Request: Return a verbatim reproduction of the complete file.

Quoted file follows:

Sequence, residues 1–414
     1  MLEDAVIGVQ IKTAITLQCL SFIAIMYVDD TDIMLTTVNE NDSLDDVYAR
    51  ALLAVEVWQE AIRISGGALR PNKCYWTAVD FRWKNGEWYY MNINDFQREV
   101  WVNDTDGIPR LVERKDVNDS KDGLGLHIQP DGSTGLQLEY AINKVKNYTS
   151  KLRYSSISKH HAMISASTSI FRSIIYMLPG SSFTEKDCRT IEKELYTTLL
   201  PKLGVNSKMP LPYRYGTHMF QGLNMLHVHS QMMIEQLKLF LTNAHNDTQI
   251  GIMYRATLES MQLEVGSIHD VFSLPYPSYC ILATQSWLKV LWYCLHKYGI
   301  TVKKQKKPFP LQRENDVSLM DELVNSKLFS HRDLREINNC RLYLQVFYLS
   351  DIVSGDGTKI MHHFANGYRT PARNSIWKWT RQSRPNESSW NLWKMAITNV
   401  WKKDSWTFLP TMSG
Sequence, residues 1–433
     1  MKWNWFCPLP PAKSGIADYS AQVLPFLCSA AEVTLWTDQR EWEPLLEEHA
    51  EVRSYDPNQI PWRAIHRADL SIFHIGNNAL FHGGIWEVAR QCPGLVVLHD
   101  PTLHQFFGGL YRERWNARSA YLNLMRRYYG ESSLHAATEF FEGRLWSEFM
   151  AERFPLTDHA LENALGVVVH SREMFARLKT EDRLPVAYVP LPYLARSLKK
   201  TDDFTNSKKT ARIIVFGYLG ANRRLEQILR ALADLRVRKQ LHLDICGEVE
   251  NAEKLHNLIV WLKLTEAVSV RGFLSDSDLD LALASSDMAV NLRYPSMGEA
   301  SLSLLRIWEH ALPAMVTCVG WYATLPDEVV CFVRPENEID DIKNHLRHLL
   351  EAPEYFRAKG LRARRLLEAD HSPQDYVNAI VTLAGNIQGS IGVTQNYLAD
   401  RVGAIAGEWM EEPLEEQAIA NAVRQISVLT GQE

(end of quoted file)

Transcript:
Sequence, residues 1–414
     1  MLEDAVIGVQ IKTAITLQCL SFIAIMYVDD TDIMLTTVNE NDSLDDVYAR
    51  ALLAVEVWQE AIRISGGALR PNKCYWTAVD FRWKNGEWYY MNINDFQREV
   101  WVNDTDGIPR LVERKDVNDS KDGLGLHIQP DGSTGLQLEY AINKVKNYTS
   151  KLRYSSISKH HAMISASTSI FRSIIYMLPG SSFTEKDCRT IEKELYTTLL
   201  PKLGVNSKMP LPYRYGTHMF QGLNMLHVHS QMMIEQLKLF LTNAHNDTQI
   251  GIMYRATLES MQLEVGSIHD VFSLPYPSYC ILATQSWLKV LWYCLHKYGI
   301  TVKKQKKPFP LQRENDVSLM DELVNSKLFS HRDLREINNC RLYLQVFYLS
   351  DIVSGDGTKI MHHFANGYRT PARNSIWKWT RQSRPNESSW NLWKMAITNV
   401  WKKDSWTFLP TMSG
Sequence, residues 1–433
     1  MKWNWFCPLP PAKSGIADYS AQVLPFLCSA AEVTLWTDQR EWEPLLEEHA
    51  EVRSYDPNQI PWRAIHRADL SIFHIGNNAL FHGGIWEVAR QCPGLVVLHD
   101  PTLHQFFGGL YRERWNARSA YLNLMRRYYG ESSLHAATEF FEGRLWSEFM
   151  AERFPLTDHA LENALGVVVH SREMFARLKT EDRLPVAYVP LPYLARSLKK
   201  TDDFTNSKKT ARIIVFGYLG ANRRLEQILR ALADLRVRKQ LHLDICGEVE
   251  NAEKLHNLIV WLKLTEAVSV RGFLSDSDLD LALASSDMAV NLRYPSMGEA
   301  SLSLLRIWEH ALPAMVTCVG WYATLPDEVV CFVRPENEID DIKNHLRHLL
   351  EAPEYFRAKG LRARRLLEAD HSPQDYVNAI VTLAGNIQGS IGVTQNYLAD
   401  RVGAIAGEWM EEPLEEQAIA NAVRQISVLT GQE